You didn’t really think you’d get away without reading about healthy habits to adopt in 2015? Even if we already know what’s good for us, it can still be helpful to review some of “the basics” about healthy foods. If your 2015 list is already overwhelmingly long, do me a favor and add just this one new year’s resolution: Eat more produce! Come and cook with us! Of all the true and tested habits, eating more produce is a no-brainer. Getting our five daily servings of fruits and vegetables isn’t that hard if we incorporate them into every meal – at least one serving at breakfast and for snacks and at least two servings for main meals. Remember, an average serving of fruits and vegetables is the size of a tennis ball. One way is to make vegetables the main attraction on your plate. Fresh produce is packed with vitamins, minerals, micro-nutrients and often also lots of fiber and we all know that that’s good for us.
The second most effective – and really quite straightforward rule – is to make water your main beverage. Yes, a coffee in the morning might be what you need to get out of bed – and we can talk about that some more – but filling yourself up with lots of juices, sodas and zero-calorie pop is empty calories. It just doesn’t cut it and you know better. So grab a glass of water and your body, spirit and mind will feel better.
Third, and that surely doesn’t come as a surprise, is to choose better starches. We can all do without the refined, highly-processed white products such as pasta, bread, crackers, pretzels. Look for whole grains like quinoa, brown rice and whole wheat to add fiber which delays the digestion making you feel fuller but also helping to regulate blood sugar and insulin levels. And if you need to change things up, skip the white stuff all together and go for beans, lentils, sweet potatoes or chickpeas as a great source of whole food starches.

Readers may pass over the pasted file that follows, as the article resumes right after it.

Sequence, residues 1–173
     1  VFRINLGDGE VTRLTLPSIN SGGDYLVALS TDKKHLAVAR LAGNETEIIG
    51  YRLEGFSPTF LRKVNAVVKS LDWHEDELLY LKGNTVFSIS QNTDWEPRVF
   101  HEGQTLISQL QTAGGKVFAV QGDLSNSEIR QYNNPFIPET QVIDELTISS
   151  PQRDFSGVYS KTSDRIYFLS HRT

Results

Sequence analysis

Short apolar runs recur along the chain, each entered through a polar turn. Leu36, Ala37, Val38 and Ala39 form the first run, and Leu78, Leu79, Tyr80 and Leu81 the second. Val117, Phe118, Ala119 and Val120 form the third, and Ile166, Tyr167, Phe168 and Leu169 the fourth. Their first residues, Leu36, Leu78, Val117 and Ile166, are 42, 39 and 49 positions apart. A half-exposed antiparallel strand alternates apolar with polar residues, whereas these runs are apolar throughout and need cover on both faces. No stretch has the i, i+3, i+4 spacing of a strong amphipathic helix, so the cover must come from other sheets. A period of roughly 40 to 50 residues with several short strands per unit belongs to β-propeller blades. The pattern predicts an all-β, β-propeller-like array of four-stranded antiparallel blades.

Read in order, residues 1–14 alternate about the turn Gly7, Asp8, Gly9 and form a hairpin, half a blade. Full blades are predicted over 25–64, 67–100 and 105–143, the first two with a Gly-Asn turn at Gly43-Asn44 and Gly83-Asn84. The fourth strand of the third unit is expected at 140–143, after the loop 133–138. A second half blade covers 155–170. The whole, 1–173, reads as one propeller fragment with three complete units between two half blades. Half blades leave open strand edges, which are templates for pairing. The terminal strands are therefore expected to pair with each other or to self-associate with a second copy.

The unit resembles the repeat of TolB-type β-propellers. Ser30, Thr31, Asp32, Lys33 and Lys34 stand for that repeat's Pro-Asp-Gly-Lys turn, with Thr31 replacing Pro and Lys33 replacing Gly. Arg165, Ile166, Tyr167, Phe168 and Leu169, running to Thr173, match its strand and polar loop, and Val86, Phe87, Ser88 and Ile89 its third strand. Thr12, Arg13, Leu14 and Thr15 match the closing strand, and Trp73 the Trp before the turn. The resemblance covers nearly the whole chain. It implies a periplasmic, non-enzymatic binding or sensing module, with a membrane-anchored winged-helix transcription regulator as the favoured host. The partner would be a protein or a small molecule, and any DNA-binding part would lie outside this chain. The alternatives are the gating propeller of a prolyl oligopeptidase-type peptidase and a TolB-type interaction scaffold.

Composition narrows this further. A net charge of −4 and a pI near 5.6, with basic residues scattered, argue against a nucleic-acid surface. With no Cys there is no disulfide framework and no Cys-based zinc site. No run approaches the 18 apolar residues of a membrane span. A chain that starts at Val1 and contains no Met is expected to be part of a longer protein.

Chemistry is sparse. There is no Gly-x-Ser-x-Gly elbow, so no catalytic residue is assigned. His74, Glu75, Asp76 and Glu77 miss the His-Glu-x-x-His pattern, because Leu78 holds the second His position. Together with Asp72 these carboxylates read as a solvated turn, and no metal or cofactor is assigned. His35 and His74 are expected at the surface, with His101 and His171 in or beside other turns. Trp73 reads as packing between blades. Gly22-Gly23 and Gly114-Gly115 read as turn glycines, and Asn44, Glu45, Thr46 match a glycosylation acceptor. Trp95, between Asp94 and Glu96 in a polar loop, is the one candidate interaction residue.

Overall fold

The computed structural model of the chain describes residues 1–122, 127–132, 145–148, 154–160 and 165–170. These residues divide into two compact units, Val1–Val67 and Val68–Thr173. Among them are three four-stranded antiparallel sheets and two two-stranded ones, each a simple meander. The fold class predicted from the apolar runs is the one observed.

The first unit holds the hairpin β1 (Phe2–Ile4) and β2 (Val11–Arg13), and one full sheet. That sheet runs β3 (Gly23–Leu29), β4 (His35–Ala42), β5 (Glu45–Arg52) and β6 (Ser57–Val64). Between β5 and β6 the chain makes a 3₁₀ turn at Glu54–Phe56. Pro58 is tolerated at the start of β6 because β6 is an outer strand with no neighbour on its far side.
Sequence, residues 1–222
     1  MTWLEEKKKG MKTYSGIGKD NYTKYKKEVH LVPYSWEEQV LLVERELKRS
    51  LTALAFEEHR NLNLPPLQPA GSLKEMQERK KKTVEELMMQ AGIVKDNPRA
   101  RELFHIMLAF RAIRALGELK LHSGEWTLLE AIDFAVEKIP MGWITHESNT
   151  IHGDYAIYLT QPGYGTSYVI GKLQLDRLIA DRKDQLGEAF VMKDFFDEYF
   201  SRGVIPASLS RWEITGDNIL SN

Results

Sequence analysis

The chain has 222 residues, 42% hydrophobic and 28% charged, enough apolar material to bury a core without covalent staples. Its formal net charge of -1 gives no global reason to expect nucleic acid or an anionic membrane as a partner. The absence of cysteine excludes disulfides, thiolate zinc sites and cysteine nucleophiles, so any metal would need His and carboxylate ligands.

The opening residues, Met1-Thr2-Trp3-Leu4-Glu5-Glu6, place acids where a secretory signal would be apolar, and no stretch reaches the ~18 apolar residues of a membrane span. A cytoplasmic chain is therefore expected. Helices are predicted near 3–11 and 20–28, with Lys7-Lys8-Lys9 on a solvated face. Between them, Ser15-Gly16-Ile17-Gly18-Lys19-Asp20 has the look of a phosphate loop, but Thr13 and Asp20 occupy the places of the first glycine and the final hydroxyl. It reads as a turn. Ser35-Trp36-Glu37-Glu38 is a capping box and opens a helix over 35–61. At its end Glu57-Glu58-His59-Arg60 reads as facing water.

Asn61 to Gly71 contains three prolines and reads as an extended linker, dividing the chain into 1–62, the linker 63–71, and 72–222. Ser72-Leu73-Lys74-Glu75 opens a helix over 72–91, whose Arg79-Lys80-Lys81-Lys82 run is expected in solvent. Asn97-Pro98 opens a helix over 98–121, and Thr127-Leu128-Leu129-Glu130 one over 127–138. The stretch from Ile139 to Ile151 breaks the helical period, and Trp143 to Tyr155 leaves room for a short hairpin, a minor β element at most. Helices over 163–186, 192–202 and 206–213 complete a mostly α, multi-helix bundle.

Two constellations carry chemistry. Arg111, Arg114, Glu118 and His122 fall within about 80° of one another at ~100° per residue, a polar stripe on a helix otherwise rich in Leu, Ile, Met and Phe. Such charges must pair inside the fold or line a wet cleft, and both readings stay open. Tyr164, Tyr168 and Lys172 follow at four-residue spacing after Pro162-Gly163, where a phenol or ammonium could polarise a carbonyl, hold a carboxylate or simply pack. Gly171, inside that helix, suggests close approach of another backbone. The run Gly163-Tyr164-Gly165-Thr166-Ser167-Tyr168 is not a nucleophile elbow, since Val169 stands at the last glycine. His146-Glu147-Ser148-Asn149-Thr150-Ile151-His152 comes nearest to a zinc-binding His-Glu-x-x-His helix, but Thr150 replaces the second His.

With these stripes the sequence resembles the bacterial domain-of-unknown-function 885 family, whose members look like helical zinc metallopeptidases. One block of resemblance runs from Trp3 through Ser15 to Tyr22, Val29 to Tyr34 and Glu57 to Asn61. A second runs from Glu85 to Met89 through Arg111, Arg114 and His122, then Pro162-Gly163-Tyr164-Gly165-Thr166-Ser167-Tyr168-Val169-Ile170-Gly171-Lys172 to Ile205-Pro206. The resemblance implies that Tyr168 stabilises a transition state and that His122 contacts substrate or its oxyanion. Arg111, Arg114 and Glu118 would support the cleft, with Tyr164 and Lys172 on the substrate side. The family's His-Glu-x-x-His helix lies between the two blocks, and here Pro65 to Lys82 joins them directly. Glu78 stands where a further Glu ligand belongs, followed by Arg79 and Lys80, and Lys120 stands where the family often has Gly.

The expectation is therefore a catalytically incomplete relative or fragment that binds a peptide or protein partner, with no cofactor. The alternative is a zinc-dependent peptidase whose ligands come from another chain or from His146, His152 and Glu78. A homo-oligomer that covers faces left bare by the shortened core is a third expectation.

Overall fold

So let’s tackle the hardest: Sugar. A lot of literature refers to sugar as the evil of all evils, at least nutritionally. That be as it may, cutting out sugar completely from our diets is very very hard. Let’s be smart about our goals and instead of going cold turkey, we can try to budget our sugar intake. Aim for six level teaspoons of sugar for women and nine for men (vs. the 22 teaspoons the average American consumes daily). It’s easiest to stay away from the biggest offenders including processed packaged sweets and treats such as sweetened yogurt or non-diary milks like sweetened soy, rice and almond milks, salad dressings, cereals and baked goods. And to make moderating sugar intake easier than completely depriving yourself from it include the occasional treat such as a piece of dark chocolate or a well-planned dessert from your favorite restaurant.
Strive for balance to ensure long-term success and avoid a constant battle with your own will-power that you will ultimately lose and which puts you in constant stress and inner tension about what you can vs. want to eat. And speaking of treats, we are celebrating our fourth anniversary this week. So if you have come this far and are the first to like today’s post on www.comeandcookwithus.com then you will win one of our iconic wash cloths! Happy anniversary and please help us celebrate by liking us on Facebook, favoriting us on Twitter and following us on Instagram. And if that’s not enough, drop us a comment on our website as we’d love to hear from you. Come and Cook with Us!